Today encryption is ubiquitous in the business world, and in the next five years, web traffic will be close to 100 percent encrypted, with emerging tools like elliptical curve cryptography making the codes even harder to crack. SSL is another critical asset that CISOs should be looking at for security, but it’s also an increasingly dangerous vector for attacks and exfiltration. CISOs need to better understand these risks.

Encryption offers protection for data in transit, but it also introduces the risk that malicious entities are leveraging it to sneak their code in and out of the network — and most intrusion prevention systems can’t see attacks that are encrypted. In addition to obscuring malicious code and stolen data, this trend can also delay a company’s understanding of the evolving threat landscape: Because they are not able to see all of the traffic, security operations teams are not able to recognize and log threats as fast as they are morphing.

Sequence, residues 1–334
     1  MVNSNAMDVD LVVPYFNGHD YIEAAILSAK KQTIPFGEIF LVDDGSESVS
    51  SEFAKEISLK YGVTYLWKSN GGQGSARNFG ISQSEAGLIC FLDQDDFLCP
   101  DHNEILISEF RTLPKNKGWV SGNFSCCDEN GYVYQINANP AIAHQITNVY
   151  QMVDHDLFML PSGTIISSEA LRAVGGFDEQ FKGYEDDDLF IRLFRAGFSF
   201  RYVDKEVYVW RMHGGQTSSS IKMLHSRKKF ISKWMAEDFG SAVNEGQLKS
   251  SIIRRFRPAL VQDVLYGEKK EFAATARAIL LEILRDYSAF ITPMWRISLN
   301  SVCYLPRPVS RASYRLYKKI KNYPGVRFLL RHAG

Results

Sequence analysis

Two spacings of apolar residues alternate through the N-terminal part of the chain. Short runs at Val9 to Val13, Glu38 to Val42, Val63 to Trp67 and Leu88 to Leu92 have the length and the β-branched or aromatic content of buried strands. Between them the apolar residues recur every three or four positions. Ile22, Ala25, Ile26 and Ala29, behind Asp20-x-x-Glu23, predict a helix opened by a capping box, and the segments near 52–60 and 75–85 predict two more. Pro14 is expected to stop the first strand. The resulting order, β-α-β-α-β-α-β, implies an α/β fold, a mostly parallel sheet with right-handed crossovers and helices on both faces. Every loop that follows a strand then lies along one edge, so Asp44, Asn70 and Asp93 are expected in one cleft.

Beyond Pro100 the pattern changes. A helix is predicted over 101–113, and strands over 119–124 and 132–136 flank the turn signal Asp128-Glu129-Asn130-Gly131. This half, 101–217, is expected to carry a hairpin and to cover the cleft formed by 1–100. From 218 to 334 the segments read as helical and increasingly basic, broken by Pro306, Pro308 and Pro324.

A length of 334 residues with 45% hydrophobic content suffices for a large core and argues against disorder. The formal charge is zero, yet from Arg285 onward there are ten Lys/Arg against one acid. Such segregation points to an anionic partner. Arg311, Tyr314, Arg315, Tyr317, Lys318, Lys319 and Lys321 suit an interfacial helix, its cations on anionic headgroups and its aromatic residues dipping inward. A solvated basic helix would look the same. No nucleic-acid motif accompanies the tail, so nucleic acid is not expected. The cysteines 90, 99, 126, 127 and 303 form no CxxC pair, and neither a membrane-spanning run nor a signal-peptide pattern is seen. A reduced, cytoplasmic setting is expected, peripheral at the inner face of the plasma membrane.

Somewhere along the line, the security architecture must be able to interpret the encrypted traffic and ensure it’s not forwarding a malicious payload, or allowing sensitive data to leave the organization. The best way to do this is to have a central inspection zone with the ability to terminate and inspect traffic — including a location that can store encryption keys and a location that can terminate and then re-encrypt with a very minimal footprint.

The security architecture of the future will incorporate DLPs, data lakes, next-generat
ion firewalls, IPSs and a related ecosystem of intelligence services. It will require a deep understanding of SSL and its associated risks, and involves much more sophistication in terms of identity and access management.   

In security’s new paradigm, the enterprise network remains a fortress to guard against invasion. But with applications, users and data scattered all over the globe, and advanced attackers who are always working on the next exploit, the new world of cybersecurity requires counterinsurgency measures that can follow those assets and keep them secure wherever they may be.